We recently acquired a four-year-old beagle. He's purebred so his original owners, I believe, have had him since he was a puppy. My mother recently spoke to his former "dad" and he mentioned that the dog is so obedient and knows all his commands.... in Spanish. We don't speak a word of Spanish. We're slowly teaching him English commands, but he clearly doesn't know any already, and in case we really, really need to get him to understand something.... do any of you speak Spanish to your dog/s? How would you say common commands (I'm mostly looking for sit, down, stay, and come) in Spanish?

Thanks in advance!

x-posted to allthingsdog 
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Bones: Booth and Brennan

For people who read on the Internet too much and want to feel like they're studying

First of all, sorry if this has been posted before - I looked around and couldn't see anything on it.

If you use Google Chrome, there's a free vocab-building extension called Polyglot that you can download for your browser. It changes random words on any website you visit into foreign language vocab, highlighted in a different color, with a translation that appears when you hold the mouse over the word.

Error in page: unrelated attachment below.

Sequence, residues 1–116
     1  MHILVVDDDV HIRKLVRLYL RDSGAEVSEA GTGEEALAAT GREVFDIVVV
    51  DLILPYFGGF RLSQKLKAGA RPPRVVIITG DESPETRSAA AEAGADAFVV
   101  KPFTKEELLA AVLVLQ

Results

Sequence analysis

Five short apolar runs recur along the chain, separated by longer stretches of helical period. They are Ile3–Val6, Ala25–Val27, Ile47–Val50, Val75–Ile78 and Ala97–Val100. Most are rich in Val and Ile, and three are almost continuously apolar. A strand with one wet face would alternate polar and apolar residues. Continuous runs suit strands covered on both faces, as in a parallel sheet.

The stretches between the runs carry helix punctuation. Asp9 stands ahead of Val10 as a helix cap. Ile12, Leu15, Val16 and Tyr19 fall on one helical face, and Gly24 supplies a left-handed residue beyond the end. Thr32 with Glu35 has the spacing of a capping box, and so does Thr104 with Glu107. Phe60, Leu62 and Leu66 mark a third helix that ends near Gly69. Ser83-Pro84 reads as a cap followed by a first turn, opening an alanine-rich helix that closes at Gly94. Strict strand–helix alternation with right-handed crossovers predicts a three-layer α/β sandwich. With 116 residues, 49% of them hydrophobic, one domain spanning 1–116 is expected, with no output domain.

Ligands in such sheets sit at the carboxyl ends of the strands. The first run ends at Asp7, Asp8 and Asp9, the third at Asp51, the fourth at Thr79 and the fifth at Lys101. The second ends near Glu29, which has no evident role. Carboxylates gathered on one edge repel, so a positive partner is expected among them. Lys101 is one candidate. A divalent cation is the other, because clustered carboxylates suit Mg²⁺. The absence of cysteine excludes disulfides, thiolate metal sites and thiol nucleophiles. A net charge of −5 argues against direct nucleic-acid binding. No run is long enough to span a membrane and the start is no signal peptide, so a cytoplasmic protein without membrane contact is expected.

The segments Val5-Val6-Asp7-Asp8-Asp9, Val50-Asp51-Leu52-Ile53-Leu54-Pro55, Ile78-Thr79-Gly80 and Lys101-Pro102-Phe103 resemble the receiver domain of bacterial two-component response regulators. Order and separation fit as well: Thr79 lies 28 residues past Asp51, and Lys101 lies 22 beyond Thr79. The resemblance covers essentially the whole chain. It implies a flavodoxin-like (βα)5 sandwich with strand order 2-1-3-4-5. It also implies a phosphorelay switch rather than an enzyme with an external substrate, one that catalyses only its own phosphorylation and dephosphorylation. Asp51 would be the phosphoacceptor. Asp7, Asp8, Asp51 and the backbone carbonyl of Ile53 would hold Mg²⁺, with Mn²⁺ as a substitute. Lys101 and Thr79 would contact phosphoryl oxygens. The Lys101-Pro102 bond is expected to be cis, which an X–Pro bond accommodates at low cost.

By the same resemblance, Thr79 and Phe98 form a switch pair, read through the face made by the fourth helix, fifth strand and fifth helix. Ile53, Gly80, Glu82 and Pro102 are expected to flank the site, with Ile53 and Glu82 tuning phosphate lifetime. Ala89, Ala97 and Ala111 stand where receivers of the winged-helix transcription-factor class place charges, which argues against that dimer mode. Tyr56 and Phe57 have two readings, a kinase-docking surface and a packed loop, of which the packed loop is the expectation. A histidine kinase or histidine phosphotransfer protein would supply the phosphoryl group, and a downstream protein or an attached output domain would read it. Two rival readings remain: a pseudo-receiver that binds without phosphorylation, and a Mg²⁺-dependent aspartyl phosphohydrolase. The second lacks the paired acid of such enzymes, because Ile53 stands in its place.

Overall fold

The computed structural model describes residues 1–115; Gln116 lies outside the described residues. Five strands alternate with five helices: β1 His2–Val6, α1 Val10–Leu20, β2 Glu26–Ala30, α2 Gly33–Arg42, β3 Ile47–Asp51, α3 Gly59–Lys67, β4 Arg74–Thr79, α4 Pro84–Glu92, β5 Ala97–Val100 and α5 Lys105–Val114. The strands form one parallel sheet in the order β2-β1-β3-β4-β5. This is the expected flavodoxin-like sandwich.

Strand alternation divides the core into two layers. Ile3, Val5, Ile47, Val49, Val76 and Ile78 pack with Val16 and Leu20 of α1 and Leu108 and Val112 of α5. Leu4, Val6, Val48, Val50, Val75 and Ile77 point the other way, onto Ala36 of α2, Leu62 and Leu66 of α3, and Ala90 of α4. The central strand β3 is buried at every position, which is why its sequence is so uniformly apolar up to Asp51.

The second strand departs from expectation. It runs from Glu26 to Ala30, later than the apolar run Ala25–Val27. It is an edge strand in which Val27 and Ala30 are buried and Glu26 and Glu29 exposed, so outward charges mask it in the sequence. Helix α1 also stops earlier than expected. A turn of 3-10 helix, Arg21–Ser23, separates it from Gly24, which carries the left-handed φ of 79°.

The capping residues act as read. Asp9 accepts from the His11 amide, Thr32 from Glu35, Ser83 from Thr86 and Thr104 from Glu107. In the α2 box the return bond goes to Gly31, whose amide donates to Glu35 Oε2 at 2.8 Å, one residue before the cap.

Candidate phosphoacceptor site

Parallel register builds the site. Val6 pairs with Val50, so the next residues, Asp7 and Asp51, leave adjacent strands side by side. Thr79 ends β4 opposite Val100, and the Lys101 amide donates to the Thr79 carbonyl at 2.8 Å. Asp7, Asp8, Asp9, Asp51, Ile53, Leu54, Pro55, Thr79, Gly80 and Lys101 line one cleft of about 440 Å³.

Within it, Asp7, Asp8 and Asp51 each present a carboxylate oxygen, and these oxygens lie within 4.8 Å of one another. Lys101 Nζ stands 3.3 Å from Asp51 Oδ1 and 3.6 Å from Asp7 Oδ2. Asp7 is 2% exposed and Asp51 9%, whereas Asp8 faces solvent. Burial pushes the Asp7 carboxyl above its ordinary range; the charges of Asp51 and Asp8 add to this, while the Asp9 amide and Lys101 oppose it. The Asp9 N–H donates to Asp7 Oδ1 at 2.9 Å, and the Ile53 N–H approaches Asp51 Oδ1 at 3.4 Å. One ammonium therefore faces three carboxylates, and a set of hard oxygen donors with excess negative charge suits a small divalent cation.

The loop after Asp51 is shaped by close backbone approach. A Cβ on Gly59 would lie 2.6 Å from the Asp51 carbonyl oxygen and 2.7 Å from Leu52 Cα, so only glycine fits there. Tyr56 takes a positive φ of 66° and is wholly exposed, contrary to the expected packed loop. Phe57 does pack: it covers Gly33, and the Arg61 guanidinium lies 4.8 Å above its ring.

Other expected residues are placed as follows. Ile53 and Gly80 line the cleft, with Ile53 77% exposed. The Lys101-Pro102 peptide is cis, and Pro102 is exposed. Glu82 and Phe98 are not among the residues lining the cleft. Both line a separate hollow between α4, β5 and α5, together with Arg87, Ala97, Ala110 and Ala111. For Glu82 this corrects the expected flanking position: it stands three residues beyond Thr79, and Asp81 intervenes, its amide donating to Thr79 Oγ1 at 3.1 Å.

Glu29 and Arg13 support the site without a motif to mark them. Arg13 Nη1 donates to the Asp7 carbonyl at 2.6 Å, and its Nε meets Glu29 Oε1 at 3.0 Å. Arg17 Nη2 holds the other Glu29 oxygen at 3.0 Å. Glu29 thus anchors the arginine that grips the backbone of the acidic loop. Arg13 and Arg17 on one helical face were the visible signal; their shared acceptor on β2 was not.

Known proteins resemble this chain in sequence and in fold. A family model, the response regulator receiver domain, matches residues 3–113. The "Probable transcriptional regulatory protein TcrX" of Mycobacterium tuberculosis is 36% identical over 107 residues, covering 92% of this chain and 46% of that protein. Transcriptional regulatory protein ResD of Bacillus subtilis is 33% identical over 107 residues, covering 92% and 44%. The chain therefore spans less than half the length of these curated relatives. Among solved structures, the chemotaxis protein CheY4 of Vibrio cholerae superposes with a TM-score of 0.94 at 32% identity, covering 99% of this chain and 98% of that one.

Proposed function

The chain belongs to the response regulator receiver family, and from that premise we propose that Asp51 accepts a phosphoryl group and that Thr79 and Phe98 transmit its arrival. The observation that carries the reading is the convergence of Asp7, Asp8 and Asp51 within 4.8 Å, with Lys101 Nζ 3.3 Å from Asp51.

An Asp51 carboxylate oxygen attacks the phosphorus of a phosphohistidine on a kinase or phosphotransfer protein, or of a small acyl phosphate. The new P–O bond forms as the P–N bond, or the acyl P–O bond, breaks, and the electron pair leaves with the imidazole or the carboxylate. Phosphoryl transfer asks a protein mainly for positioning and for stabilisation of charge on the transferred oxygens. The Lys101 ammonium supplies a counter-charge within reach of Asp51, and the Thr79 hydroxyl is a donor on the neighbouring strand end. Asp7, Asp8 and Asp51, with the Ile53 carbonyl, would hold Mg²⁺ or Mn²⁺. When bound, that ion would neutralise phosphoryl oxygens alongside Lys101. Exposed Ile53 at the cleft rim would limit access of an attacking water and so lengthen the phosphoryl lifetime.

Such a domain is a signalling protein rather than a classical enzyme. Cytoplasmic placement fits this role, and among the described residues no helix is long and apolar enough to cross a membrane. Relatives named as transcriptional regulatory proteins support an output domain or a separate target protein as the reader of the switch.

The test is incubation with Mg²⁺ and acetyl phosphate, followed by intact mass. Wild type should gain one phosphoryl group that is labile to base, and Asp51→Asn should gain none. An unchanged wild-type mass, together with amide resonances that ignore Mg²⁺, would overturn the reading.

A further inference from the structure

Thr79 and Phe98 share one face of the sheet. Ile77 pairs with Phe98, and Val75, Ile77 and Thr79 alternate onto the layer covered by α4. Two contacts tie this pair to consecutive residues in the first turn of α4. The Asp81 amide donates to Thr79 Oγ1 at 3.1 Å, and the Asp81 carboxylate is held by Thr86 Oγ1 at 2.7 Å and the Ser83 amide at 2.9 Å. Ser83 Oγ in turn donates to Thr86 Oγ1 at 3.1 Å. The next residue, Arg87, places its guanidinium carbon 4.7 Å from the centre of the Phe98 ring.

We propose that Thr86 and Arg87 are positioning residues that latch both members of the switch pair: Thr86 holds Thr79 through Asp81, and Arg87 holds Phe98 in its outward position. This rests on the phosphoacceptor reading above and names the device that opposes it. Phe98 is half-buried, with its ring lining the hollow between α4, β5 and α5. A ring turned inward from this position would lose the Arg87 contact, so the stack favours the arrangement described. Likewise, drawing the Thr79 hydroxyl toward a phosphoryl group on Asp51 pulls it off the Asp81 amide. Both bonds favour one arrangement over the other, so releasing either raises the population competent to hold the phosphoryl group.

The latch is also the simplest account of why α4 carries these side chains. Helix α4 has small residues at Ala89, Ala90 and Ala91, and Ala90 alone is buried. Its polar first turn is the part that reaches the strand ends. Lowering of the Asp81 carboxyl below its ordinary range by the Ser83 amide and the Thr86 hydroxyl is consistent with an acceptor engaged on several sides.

I am having a lot of fun both revising French and trying to learn new Spanish words from it by setting one in every ten words to turn into French or Spanish vocab - it means I can kid myself that I'm learning when really I'm just mucking around on the Internet :) Also you can turn it off easily (there's a button in the top corner of the browser) if you ever want to read a non-translated page.

Of course there are a few issues (it sometimes doesn't work well for words with multiple definitions, like translating 'Like' on facebook as 'como'), and sometimes mixes up nouns and verbs when the words in English are the same. But if you've got a basic knowledge of the language and can pick out and ignore mistakes like that, it's great!
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Word generator thing.

A long time ago I had a bookmark to a site that would create nonsense words based on text you entered. So, for example, if you entered Portuguese text, it would spit out words that looked vaguely like Portuguese based on some simple extrapolation of patterns. It might have been geared towards gamers or fantasy novelists, but I don't remember.

Does anybody know what I'm talking about and have it bookmarked?
Swimming swimming

Looking for "Tula Baba" Zulu lyrics

I've been scouring the internet for a complete set of lyrics for this beautiful South African lullaby but the only thing I keep coming up with is one that has English added to it and the Zulu part is just repeated.

I listened to Miriam Makeba's song and loved that one because it was all in Zulu.  I can't quite pick up the rest of the lyrics though, only a few words unfortunately.  Is there anyone on here who knows the full song in Zulu?  I don't mind an English translation, but I don't want the Helmut Lotti version. :/

What there is so far:
"Tula tu tula baba tulu sana
Tul'umam 'uzobuya ekuseni."

Please and thank you!